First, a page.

As evidence of a continual, albeit gradual, increase in the sale of commercial helicopters, multi-ship purchases are on the upswing. One of the most notable in recent months has been Air Methods’ order for a half-dozen Eurocopters–five AS 350B2s and one EC 130B4. All six will be delivered before the end of this year and receive EMS interiors and completion work at the products division of Air Methods in Englewood, Colo.
Aviation International News » June 2003
Agusta officials have revealed they are currently negotiating with Bell to increase the share the Italian manufacturer holds in the BA609 tiltrotor program. Currently at 25 percent for Agusta and 75 percent for Bell, the workshare may eventually become “close to 50/50,” Agusta CEO Amedeo Caporaletti said.
Just when it looks like the V-22 Osprey program might have a good day, the fates conspire to create more clouds on the horizon.
With the Primus Epic integrated avionics system poised to make its debut in a variety of business airplanes and the Bell/Agusta AB139 helicopter, Honeywell is introducing a desktop PC version of the glass cockpit that pilots can use before they ever strap in for training in a full-flight simulator.
Mark Van Tine, who was with Lockheed Data Plan when Jeppesen bought that company in 1989, is the new chairman and CEO of the Denver-based company that pioneered the instrument navigation chart. The 45-year-old Tine replaces Horst Bergmann, 65, who retired after more than 40 years with the company, and who was named Jeppesen’s CEO in 1988.
European information technology giant SITA predicts that by 2005 airline passengers will be able to make calls in flight using their personal cellphones.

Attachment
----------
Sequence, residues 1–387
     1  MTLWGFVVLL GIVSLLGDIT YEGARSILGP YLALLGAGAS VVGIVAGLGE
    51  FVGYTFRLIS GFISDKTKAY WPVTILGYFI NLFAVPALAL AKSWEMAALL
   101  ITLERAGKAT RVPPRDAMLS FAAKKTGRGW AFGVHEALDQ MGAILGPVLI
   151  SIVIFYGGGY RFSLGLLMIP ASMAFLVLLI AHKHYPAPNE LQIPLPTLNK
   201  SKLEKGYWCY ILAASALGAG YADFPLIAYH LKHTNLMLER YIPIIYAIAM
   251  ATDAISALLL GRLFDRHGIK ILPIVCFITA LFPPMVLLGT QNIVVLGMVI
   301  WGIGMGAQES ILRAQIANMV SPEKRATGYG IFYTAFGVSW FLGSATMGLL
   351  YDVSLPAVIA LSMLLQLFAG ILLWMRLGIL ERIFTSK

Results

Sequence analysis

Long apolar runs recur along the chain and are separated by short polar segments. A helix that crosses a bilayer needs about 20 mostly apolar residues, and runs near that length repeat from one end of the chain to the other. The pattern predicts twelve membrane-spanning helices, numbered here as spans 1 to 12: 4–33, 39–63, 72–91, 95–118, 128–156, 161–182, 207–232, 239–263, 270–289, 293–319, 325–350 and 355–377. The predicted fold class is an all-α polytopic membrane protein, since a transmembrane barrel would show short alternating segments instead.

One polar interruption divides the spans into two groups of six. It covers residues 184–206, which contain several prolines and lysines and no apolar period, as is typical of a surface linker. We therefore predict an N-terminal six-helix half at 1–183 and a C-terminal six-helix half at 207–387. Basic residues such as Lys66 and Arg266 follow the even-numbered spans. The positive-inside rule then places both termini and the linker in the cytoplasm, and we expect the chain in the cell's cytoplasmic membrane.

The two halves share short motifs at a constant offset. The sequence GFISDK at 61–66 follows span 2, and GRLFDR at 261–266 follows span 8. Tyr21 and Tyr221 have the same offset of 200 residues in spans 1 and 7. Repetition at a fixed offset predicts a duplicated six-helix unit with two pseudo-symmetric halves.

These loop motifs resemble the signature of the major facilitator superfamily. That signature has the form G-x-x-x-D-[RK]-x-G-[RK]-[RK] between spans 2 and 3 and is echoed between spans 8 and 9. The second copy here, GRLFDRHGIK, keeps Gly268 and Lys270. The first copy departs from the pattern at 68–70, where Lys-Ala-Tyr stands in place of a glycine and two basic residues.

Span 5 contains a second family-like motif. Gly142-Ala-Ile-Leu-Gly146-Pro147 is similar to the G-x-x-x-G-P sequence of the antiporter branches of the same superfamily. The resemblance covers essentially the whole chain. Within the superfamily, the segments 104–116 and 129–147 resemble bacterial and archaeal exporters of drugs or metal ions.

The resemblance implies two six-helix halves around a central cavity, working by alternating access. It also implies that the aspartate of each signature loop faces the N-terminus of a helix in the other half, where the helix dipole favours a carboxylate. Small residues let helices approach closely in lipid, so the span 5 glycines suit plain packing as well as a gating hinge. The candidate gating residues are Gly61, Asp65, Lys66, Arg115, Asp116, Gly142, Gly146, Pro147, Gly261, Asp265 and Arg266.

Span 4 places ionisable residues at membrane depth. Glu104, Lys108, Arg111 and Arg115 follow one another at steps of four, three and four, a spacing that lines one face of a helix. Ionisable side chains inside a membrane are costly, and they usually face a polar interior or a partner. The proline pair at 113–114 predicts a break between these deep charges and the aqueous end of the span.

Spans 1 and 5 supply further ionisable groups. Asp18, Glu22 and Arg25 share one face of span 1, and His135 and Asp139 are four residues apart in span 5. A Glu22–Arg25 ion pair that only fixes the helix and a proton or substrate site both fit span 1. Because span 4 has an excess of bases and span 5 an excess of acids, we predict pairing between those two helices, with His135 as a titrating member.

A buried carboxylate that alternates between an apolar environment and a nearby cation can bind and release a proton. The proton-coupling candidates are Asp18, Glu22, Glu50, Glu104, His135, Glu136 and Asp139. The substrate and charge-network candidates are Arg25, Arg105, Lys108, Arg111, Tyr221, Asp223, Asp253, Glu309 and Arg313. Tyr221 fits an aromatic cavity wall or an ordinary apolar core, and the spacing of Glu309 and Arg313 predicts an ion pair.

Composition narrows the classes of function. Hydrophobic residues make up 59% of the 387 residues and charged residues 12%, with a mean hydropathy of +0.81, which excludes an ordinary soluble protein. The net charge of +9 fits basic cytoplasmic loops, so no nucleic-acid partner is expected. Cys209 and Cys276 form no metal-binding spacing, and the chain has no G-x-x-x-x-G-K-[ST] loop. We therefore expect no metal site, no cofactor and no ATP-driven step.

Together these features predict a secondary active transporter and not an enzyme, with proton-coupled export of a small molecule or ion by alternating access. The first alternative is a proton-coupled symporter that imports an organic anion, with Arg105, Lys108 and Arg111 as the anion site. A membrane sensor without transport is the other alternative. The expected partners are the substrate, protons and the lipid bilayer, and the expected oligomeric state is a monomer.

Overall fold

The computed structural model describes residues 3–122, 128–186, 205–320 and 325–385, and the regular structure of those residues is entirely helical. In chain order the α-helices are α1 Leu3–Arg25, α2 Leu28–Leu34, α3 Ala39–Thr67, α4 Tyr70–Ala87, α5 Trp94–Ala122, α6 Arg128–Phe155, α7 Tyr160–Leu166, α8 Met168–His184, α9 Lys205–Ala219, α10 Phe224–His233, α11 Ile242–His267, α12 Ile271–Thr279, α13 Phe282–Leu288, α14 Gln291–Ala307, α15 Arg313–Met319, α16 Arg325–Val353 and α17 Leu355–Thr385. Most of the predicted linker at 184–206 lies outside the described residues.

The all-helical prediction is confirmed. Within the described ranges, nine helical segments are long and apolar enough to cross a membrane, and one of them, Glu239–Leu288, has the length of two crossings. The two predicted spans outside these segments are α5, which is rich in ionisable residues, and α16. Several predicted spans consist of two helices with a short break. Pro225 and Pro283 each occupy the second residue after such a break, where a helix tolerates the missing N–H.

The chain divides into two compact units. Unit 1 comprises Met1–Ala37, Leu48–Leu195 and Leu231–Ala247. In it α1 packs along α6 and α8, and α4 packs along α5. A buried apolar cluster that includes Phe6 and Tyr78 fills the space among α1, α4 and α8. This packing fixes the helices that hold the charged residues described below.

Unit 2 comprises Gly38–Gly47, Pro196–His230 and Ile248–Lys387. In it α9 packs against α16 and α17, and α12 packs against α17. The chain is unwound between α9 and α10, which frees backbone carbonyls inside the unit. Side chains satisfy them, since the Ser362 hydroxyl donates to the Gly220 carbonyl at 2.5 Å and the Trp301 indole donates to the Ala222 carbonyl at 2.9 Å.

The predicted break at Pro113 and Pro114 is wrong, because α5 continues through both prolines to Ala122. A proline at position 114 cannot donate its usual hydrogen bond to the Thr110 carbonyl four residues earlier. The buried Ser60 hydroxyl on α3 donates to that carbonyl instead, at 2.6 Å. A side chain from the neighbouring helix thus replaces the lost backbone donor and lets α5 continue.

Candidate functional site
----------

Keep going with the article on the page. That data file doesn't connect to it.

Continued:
Cordless cabin telephony with global connectivity at an affordable price is the promise of Belgium’s Orb’Phone, a division of Euro GSM.
As an elderly, 4,300-hour pilot with a fair amount of instrument time, I was initially skeptical about Oz. But not for long. Flying the Oz simulator, tailored to match Cessna 172 performance characteristics, was completely instinctive and effortless and I had little difficulty in interpreting the display despite the lack of numerical data.
Researchers at the University of West Florida’s Institute for Human and Machine Cognition in Pensacola are developing a symbol-based, flight-deck display that is capable of providing an instantaneous presentation of an aircraft’s flight situation to the pilot. Named Oz, the surprisingly intuitive concept is seen as applicable to all fixed- and rotary-wing aircraft, large and small, civil and military.
The U.S. ATC central nervous system–known as the traffic-flow management system–has nearly outgrown its capacity, prompting the FAA to call for modernization of this critical infrastructure. The complex computer system is the heart of the National Airspace System Command Center in Herndon, Va., which continuously feeds traffic-flow information to ARTCCs, Tracons, towers, civil operators, military bases and other U.S.